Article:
The instream works are fabulous, creating way more water for the fish to hold, and simply more fishy water. The bankside works were necessary to prevent more erosion and allow better and safer access _ basically we were loving the Creek to death. There are still plenty of tricky currents requiring skilful mending, and perhaps even better control over the fish during the fight.
The enlargement of the handicap ramp has succeeded in creating more access for the handicapped, without taking away too much from the kids wade fishing. Overall great job by Dave, the AGFC, Friends of the Norfork Fish Hatchery and the constructions crews. I’ll be back there guiding a youngster on Tuesday, and it can’t come soon enough!
MANAGED to get a little personal time on the White this afternoon, with a box of dry flies and a couple of spools of tippet, and one very happy dog.
My dear wife has just gone through gall bladder surgery, so understandably I’ve been tending to her care, fetching and carrying and spending ay too much time watching cooking programs. To her credit she gave me a shot at the water on Tuesday but honestly she was too sore to leave.
Part of her rehab is to get up and about so we found a nice grassy shaded bank where she was able to sit and watch while Madison the black lab X anarchist came with me.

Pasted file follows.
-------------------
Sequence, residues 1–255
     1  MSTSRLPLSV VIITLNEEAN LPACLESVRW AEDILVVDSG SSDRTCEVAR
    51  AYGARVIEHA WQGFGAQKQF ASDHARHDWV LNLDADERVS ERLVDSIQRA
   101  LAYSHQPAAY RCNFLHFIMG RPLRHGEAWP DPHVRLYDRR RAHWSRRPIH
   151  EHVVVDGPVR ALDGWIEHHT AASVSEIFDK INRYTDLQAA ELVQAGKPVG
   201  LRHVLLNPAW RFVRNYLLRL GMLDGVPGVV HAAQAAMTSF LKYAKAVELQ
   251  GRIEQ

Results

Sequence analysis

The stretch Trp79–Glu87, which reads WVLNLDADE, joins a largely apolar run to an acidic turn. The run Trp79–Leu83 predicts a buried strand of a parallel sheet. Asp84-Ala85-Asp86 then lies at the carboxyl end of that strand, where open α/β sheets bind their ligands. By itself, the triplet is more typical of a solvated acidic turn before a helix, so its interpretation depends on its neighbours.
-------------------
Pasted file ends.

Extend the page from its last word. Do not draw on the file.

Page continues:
It was Madison’s first wade outing, and not wanting to spoil anyone else’s water time, she was on a leash tied to my belt, which was about as much fun as it sounds. Well Maddie had a good time and I still caught some fish, but combining long leaders, current, flies, leash and a leaping pup in a short space isn’t a good idea.
At least I kept the hooks out of the dog, but I still fluffed the take on one seriously big brown feeding on top, but the prime casting position would have meant Madison was swimming. There’s always another fish, and so it turned out with this kinda snakey but long brown.
But my time on the water today did nothing to change my earlier opinions on how crazy good this hatch is. Every brown in the river is up shallow in bright sunlight and feeding hard. It can’t last long so get in now.
Enjoy the rest of the pix.